Costume Designer Sinead Kidao's Modern Mitford Style Is Delightfully Audacious

By Lisa Armstrong
Lily James as Linda in 'The Pursuit of Love'. Photo / Robert Viglasky

Alongside Lily James and Dominic West (yes, it's that production), the other star of The Pursuit of Love, the rompy new BBC adaptation of Nancy Mitford's novel, are the costumes, of which there are 1200.

Linda Radlett (James’ character) alone has 65 costume changes. Mitford adored fashion, and she would have found the costumes in the new adaptation hugely diverting.

Published in 1945, Pursuit is the first in her trilogy about the aristocratic Radletts, who were loosely based on Mitford's own dysfunctional family.

Despite the truly bleak ghastliness of Lord Alconleigh, the Radlett patriarch (played by West), it is tremendously humorous and stylish.

Emily Mortimer, who appears as The Bolter and also directed and adapted it for a modern audience, had strong views on how the clothes should look.

Her best move was to hire Sinead Kidao, a costume designer who brings reservoirs of verve to the task, as well as a love of Mitford. Result: costumes that are easy on the eye but also complementary to the plot, filling in the narrative gaps that open up when a novel is transferred to film.

They also help make a 75-year-old novel with salty views appear newly relevant. Here’s how:

1. The miniseries dives deep into the Bright Young Things of the period the influencers of their day. Kidao dug through thousands of photographs in the archives of society photographers such as Bassano and Lafayette, Cecil Beaton and the National Portrait Gallery, looking for the most characterful individuals. “We leaned into the most idiosyncratic and unexpected looks,” she says. “Sometimes you would look at how someone had styled themselves and think ‘is that really the 1930s?”’

2. It puts the Hot Priest in hot pants. For Kidao’s first interview with Mortimer, she showed her a picture of Beaton from 1932, wearing a pair of very short shorts. “I think that’s probably what got me the job,” Kidao says. “The photograph gave us licence to have Andrew Scott wear hot pants.”

3. It’s a stickler for details. “Emily was very keen for this production to have a very specific look and feel,” says Kidao. “All the creative departments worked closely together to create a visual that is very true to the period, albeit a stylised version.”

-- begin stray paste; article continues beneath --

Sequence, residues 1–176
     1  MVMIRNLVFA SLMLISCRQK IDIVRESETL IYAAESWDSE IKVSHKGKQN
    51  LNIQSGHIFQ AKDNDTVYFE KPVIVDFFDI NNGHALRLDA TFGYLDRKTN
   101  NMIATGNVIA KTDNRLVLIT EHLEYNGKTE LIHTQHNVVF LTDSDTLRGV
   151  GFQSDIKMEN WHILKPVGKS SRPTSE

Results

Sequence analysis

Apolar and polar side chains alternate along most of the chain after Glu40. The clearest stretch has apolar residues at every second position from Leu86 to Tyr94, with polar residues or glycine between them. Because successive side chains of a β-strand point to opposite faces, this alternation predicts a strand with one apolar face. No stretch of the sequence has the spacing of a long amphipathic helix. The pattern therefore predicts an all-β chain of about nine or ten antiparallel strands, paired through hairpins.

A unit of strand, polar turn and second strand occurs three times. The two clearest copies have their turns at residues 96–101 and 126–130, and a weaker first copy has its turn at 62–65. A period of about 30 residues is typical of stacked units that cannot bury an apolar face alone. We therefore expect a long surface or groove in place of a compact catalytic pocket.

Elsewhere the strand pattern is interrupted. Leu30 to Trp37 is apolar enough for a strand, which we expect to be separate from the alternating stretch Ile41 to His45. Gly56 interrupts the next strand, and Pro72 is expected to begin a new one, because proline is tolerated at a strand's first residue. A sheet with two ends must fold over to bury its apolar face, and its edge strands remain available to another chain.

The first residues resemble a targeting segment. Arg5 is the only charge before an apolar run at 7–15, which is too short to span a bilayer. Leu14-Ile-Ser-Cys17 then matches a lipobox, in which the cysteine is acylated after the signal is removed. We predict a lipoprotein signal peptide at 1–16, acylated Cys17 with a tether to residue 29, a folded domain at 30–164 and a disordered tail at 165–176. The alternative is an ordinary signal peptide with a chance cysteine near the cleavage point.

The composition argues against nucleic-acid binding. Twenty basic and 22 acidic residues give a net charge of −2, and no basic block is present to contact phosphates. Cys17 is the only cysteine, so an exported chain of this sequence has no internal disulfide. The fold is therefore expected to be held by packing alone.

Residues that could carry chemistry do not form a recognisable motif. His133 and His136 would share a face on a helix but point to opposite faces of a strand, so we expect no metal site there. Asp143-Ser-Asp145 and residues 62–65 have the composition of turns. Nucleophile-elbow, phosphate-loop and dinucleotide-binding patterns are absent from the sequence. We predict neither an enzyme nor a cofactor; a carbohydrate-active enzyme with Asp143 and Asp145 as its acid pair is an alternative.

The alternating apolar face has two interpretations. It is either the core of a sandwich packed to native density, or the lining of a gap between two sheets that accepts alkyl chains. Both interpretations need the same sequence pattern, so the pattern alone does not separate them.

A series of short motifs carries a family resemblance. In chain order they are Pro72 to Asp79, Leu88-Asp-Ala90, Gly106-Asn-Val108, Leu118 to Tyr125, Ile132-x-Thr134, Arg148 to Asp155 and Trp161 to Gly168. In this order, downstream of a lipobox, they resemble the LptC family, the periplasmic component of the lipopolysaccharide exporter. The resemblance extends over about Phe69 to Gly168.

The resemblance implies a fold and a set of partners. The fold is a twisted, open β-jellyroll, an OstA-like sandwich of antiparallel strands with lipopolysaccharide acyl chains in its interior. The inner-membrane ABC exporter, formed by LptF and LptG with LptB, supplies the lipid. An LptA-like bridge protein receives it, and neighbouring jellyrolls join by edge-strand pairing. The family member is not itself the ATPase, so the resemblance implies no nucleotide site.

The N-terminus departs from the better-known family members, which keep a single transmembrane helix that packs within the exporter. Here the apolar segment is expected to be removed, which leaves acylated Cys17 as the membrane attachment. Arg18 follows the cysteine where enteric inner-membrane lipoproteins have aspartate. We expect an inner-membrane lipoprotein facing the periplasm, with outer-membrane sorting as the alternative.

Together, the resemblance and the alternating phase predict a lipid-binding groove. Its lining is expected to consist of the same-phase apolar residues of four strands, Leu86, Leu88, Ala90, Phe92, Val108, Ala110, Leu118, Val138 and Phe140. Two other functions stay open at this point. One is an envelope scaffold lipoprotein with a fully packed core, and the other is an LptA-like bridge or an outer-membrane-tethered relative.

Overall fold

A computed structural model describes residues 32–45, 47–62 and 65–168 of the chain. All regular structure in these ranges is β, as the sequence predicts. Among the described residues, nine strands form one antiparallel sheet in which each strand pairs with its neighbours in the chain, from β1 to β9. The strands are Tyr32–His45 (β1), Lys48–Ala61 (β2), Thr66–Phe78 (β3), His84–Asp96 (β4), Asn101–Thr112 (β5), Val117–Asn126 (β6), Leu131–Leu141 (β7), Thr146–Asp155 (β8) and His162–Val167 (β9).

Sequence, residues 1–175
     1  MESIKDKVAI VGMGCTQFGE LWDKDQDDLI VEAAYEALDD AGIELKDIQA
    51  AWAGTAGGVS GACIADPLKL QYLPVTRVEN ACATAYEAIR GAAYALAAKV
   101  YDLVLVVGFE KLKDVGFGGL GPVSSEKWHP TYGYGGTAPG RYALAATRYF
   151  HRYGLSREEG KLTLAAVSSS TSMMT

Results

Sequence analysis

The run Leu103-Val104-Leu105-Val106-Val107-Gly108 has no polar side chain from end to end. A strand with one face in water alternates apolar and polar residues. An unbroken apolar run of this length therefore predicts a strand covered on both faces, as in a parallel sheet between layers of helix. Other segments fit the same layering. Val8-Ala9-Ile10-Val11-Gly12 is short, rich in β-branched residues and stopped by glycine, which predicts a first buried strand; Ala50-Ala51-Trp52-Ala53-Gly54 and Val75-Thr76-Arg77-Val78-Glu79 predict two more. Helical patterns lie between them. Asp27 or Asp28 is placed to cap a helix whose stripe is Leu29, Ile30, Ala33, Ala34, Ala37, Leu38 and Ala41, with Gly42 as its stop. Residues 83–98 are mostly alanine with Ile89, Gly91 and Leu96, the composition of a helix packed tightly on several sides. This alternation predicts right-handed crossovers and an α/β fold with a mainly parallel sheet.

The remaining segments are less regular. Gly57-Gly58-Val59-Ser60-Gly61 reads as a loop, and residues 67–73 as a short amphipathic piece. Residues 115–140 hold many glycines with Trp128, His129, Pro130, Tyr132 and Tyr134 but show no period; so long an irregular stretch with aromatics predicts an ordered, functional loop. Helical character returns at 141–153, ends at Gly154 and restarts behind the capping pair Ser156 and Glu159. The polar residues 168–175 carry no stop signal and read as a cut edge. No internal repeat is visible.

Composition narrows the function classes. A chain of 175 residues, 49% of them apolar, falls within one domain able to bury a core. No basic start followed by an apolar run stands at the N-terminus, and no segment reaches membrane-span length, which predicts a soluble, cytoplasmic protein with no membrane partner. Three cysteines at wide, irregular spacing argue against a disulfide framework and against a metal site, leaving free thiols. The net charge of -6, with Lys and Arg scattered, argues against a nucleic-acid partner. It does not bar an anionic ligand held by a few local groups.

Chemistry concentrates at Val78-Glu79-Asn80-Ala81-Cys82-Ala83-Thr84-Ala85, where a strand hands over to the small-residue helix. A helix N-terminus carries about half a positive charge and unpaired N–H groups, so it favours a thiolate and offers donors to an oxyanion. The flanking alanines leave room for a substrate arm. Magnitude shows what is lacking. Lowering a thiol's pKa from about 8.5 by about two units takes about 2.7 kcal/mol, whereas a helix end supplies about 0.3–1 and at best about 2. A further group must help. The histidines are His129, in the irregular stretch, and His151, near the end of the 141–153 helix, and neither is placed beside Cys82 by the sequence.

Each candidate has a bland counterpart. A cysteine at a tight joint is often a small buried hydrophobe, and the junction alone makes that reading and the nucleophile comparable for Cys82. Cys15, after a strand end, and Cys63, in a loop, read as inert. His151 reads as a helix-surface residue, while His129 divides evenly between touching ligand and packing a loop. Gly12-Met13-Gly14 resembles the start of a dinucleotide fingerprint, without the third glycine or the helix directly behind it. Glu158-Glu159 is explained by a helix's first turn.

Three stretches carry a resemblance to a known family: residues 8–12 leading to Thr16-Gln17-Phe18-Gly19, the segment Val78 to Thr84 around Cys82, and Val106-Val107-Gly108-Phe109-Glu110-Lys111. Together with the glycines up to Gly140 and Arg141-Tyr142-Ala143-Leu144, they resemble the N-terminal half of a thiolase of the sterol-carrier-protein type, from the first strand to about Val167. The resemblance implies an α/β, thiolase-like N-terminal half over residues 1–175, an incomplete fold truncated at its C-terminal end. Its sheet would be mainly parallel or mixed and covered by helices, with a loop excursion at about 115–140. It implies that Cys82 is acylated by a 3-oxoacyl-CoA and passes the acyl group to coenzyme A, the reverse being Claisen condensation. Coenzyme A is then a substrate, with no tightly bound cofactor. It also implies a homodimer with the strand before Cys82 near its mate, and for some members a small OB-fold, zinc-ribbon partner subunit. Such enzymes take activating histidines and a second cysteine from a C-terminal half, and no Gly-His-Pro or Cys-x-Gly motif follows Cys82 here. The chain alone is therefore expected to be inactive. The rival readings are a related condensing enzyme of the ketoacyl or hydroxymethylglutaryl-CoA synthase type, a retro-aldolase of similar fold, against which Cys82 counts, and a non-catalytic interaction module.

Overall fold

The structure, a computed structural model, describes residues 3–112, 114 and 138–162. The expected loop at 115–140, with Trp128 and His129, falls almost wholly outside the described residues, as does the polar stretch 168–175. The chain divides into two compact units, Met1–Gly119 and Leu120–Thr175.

4. Rather like a 2021 Gucci show, it’s not afraid to embrace the unflattering if it’s true to the period. “We wanted to create a world that was authentic to the tone of the original novel bright, bold and comedic. The aim was for it to be as enjoyable to watch as it was to read. We really relished some of the more audacious fashions of the period to comedic effect.”

5. It embraces the joie de vivre of fashion. “Nancy Mitford and Emily Mortimer both adore clothes, and the book and scripts were filled with brilliant details and characterful descriptions,” says Kidao. “One of my favourites was how Nancy described Louisa’s coming-out ball dress as having a giant overblown flower dangling from the left shoulder that looked as though it was “strangely unrelated to the dress”, which we ran with for the actual dress that Beattie Edmonson wears as Louisa.”

6. It features a sensational 1930s teal gown in episode two that someone should rush into stores right now. “That dress is my favourite,” says Kidao.

7. It doesn’t mess around with tawdry fakes. “We were incredibly lucky to have access to Bulgari’s archives,” says Kidao, “where much of Linda’s jewellery comes from. The whole look is quite a statement.”

8. It understands the psychological tools of clothes and uses them to flesh out character arcs, “Nancy always described Linda as making a ‘sensation in a ball room, arriving in yards of tulle... which wasn't typical of the fashion of the time,” explains Kidao. “Linda also had a yellow scarf that was scripted and we used it almost like a keepsake that carried with her through the years, even though her style changed.  She was always 'dressing the part' particularly in her adult years, from the glamorous socialite in the early 1930s, to life as a communist and then as Fabrice's mistress in Paris, where she cultivates a love of high fashion.”

9. Much of the costume work was done in lockdown. “I had to buy mostly online from vintage dealers via eBay, Etsy and First Dibs, rather than in person. So there were a few disasters where I got the scale completely wrong. But we just got on with it and it was fine.”


'The Pursuit of Love' is streaming on Amazon Prime

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